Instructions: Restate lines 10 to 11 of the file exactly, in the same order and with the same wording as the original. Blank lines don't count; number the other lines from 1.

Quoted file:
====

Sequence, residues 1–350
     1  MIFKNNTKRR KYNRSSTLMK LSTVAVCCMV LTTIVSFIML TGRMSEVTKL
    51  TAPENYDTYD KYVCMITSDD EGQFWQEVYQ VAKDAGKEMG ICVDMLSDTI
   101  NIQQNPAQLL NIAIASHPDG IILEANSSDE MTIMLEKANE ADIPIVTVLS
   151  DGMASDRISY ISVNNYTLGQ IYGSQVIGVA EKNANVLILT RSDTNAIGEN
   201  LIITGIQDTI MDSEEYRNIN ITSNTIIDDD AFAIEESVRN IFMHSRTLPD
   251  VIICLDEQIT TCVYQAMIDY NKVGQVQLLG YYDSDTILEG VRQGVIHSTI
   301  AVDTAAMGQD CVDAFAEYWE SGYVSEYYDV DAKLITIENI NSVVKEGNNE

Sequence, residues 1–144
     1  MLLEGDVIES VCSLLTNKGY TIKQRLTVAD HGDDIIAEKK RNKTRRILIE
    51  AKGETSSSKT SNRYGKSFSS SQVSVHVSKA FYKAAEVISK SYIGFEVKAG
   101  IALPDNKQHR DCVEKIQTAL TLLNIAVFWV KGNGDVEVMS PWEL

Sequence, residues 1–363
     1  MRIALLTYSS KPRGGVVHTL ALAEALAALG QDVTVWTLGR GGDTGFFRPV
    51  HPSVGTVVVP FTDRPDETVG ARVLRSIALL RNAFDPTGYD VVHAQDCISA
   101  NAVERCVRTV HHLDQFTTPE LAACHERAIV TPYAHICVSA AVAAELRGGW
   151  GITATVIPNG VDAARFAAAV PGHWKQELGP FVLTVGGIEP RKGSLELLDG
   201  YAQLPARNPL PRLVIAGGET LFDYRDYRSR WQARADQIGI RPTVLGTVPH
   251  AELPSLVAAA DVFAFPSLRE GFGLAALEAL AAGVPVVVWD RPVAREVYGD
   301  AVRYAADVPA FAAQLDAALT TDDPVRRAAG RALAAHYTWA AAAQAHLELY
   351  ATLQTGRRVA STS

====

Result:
     1  MLLEGDVIES VCSLLTNKGY TIKQRLTVAD HGDDIIAEKK RNKTRRILIE
    51  AKGETSSSKT SNRYGKSFSS SQVSVHVSKA FYKAAEVISK SYIGFEVKAG